Thoughts from the Early Church
Commentary by Cyril of Alexandria
Blessed is he who comes in the name of the Lord. (Lk 19:38)
“Behold, a righteous king will reign, and princes will rule with justice.” The only-begotten Word of God, together with God the Father, has always been king of the universe, and to him all creatures, visible and invisible, are subject.
People on earth, having been caught in the snares of sin, were persuaded by the devil to reject his sovereignty and to despise his royal power, but the judge and dispenser of all justice brought them back under his own dominion.
All his ways are straight, says scripture, and by the ways of Christ we mean the divine precepts laid down in the gospel. By observing them we make progress in every virtue, do honor to ourselves by the moral beauty of our lives, and attain the heavenly reward to which we have been called.
These are straight, not winding ways: they are direct and easily followed. As it is written, “The way of the upright is straight; the road of the just is made smooth.”
Its many decrees make the law a rugged way and its difficulty intolerable, but the way of gospel commands is smooth, without any roughness or steep ascents.
The ways of Christ are straight, then, and as for the holy city, which is the Church, he himself was its builder and he makes it his own dwelling. In other words, he makes the saints his dwelling: sharing as we do in the Holy Spirit, we have Christ within us and have become temples of the living God.
Christ is both the founder of the Church and its foundation, and upon this foundation we, like precious stones, are built into a holy temple to become, through the Spirit, a dwelling place for God.
Since it has in Christ such a firm foundation, the Church can never be shaken. Scripture says: “I am laying the foundation stone of Zion, the cornerstone, chosen and precious. No one who believes in him will ever be put to shame.”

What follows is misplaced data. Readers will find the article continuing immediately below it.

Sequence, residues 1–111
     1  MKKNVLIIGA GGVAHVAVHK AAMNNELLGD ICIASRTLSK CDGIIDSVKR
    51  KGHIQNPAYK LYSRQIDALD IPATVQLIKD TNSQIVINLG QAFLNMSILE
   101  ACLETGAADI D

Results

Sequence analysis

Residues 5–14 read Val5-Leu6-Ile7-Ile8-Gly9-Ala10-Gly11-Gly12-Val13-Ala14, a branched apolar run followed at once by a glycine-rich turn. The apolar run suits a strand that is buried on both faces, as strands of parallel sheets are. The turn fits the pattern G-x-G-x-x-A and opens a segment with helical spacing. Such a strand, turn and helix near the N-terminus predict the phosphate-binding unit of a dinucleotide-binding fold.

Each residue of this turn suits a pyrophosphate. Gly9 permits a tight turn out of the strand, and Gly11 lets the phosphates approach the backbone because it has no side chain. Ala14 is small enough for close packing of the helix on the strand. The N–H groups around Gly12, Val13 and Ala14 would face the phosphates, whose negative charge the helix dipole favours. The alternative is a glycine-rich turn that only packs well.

When he founded the Church, Christ delivered his people from bondage. He saved us from the power of Satan and of sin, freed us and subjected us to his own rule, but not by paying a ransom or by bribes.
As one of his disciples wrote, “We have been freed from the futile ways handed down to us by our ancestors, not by anything perishable like silver and gold, but by the precious blood of Christ, like that of a lamb without mark or blemish.”
He gave his own blood for us, so that we no longer belong to ourselves, but to him who bought us and saved us. Those therefore who turn aside from the noble rule of the true faith are justly accused by all the saints of denying the Lord who redeemed them.
On Isaiah IV, 2: PG 70, 967-970
Cyril of Alexandria (d. 444) succeeded his uncle Theophilus as patriarch in 412. Until 428 the pen of this brilliant theologian was employed in exegesis and polemics against the Arians; after that date it was devoted almost entirely to refuting the Nestorian heresy. The teaching of Nestorius was condemned in 431 by the Council of Ephesus at which Cyril presided, and Mary's title, Mother of God, was solemnly recognized. The incarnation is central to Cyril's theology. Only if Christ is consubstantial with the Father and with us can he save us, for the meeting ground between God and ourselves is the flesh of Christ. Through our kinship with Christ, the Word made flesh, we become children of God, and share in the filial relation of the Son with the Father.
**From Saint Louis University